The six monsters of the base game. From left to right: Meka Dragon, 
Alienoid, The King, Cyber Bunny, The Kraken, and Gigazaur.

At first glance, the game makes it seem like you have a lot of options open to you at any given moment, with several different strategies to pursue: are you going to be aggressive and try to win by just knocking everyone else's health down to zero, or are you going to be more passive and try to roll combinations of numbers to score star points, or do you want to build up a lot of energy so you can buy upgrade cards, or do you want to try to get in and hold Tokyo as long (and as often) as possible? When it comes down to it, however, this is a game of pure chance, and more often than not you're stuck simply doing what the dice tell you to do. In effect, King of Tokyo often feels like a game of "roll the dice three times and see what happens," with any strategy frequently offset or determined by random luck.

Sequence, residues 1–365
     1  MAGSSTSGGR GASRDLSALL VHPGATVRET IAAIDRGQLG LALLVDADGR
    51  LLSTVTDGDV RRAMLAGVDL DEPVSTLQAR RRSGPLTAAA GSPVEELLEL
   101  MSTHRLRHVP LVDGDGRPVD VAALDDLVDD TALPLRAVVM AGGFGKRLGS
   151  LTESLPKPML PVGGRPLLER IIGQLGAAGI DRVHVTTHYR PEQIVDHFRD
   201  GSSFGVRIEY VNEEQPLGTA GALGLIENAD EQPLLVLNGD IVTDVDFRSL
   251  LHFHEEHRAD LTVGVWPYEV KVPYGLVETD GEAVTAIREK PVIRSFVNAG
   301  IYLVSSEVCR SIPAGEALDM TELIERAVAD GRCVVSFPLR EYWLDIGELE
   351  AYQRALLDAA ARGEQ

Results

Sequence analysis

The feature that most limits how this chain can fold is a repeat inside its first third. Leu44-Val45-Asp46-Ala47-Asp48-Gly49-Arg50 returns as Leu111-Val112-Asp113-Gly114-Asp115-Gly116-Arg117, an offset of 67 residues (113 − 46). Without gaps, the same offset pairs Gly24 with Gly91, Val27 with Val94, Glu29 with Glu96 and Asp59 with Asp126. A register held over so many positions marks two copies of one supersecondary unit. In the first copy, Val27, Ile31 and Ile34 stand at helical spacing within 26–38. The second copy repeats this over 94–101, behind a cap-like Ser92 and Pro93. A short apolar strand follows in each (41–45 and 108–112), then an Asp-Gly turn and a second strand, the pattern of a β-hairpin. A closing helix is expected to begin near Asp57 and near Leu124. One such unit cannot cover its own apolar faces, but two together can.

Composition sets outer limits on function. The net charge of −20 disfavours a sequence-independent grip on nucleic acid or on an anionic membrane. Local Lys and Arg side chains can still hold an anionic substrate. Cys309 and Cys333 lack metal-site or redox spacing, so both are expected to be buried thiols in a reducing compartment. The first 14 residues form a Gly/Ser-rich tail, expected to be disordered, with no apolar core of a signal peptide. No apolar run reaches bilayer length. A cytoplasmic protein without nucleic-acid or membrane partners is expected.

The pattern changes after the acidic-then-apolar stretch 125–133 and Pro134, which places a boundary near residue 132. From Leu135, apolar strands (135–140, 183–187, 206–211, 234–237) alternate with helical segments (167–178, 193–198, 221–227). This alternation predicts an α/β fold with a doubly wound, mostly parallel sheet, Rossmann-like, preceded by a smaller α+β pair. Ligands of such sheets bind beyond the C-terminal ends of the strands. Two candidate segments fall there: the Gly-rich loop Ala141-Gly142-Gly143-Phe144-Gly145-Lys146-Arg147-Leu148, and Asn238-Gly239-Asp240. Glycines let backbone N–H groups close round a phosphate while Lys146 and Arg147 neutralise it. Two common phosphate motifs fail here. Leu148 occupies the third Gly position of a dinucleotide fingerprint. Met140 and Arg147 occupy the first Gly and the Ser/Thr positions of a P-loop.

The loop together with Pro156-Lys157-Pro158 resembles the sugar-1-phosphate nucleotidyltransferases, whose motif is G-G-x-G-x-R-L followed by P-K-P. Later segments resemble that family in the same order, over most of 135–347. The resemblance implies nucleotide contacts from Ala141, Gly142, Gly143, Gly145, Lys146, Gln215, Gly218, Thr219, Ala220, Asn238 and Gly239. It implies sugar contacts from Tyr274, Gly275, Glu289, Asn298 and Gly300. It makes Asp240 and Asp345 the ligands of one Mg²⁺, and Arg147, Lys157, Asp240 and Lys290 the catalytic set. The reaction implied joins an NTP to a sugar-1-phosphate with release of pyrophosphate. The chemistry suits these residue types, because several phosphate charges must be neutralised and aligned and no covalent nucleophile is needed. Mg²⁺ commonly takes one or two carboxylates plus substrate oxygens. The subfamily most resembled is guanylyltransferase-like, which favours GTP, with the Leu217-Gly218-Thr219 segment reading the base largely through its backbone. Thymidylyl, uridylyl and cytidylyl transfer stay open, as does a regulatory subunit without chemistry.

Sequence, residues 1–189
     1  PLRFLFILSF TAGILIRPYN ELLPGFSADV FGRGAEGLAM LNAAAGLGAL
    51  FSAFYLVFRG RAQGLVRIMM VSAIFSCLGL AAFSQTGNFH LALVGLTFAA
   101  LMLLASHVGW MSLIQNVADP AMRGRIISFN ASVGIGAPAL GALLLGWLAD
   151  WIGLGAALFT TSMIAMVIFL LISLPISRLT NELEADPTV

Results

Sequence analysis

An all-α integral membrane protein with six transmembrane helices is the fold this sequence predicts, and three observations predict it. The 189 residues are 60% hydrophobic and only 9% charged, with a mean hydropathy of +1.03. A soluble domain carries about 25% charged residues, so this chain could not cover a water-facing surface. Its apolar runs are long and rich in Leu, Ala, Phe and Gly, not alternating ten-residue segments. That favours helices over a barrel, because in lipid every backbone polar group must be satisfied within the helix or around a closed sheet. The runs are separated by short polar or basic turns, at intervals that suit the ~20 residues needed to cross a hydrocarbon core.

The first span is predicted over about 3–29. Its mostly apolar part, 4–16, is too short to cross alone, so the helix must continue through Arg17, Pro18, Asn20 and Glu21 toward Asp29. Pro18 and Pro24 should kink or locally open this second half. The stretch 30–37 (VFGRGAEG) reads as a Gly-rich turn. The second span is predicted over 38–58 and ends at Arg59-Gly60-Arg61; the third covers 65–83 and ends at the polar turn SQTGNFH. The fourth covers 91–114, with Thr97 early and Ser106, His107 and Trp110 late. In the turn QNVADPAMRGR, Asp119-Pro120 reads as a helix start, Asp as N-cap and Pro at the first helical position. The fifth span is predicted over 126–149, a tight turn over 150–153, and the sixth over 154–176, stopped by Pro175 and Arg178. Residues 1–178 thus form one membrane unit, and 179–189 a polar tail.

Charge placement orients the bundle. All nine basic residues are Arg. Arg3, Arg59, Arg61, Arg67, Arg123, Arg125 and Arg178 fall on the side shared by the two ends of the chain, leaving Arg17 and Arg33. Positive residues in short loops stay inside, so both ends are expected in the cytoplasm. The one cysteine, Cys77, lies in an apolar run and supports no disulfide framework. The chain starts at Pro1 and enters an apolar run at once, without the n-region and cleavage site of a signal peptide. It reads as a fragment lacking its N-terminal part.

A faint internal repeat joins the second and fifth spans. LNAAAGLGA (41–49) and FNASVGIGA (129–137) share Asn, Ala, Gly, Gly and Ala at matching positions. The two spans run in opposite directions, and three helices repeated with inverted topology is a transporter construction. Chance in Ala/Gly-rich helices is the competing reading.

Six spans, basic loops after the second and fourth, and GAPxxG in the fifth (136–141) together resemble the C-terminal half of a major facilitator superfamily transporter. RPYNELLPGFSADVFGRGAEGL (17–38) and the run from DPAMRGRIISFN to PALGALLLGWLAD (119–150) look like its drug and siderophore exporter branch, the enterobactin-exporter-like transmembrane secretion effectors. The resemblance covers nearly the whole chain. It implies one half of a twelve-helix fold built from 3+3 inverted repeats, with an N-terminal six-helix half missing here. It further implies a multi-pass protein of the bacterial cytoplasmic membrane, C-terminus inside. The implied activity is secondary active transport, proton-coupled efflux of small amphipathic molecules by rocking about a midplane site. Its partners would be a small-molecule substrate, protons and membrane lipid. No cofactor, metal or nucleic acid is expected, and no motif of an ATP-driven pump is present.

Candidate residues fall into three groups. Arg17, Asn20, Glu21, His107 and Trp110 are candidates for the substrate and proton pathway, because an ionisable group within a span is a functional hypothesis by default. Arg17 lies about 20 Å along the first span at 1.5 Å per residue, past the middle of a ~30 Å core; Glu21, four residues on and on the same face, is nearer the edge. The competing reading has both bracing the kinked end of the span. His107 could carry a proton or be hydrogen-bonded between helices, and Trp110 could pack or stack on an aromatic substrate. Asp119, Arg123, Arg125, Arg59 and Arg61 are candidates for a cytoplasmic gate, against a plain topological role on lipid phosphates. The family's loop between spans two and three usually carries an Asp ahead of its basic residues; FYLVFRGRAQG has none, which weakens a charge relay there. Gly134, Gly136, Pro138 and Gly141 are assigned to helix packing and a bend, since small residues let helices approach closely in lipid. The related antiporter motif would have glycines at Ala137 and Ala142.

A lot of times, your decision of how to play the game is almost made for you by your initial roll on each turn -- if you roll a bunch of threes, you're not going to pass on those unless you're on the verge of death and in dire need of healing. Other times, when you have a specific goal in mind at the start of your turn, like "I just need two energy to buy this card I've been trying to get for three turns," you find yourself bitterly disappointed when you come up short and don't get what you need. Other times, you can find yourself frustrated beyond belief when the dice force you to do the exact opposite of what you wanted, like when you're low on health and just want to heal, and on your final roll you get stuck with a bunch of claws which force the current occupant of Tokyo out of the city, thereby forcing you to go in and likely take a beating while you're already low on health.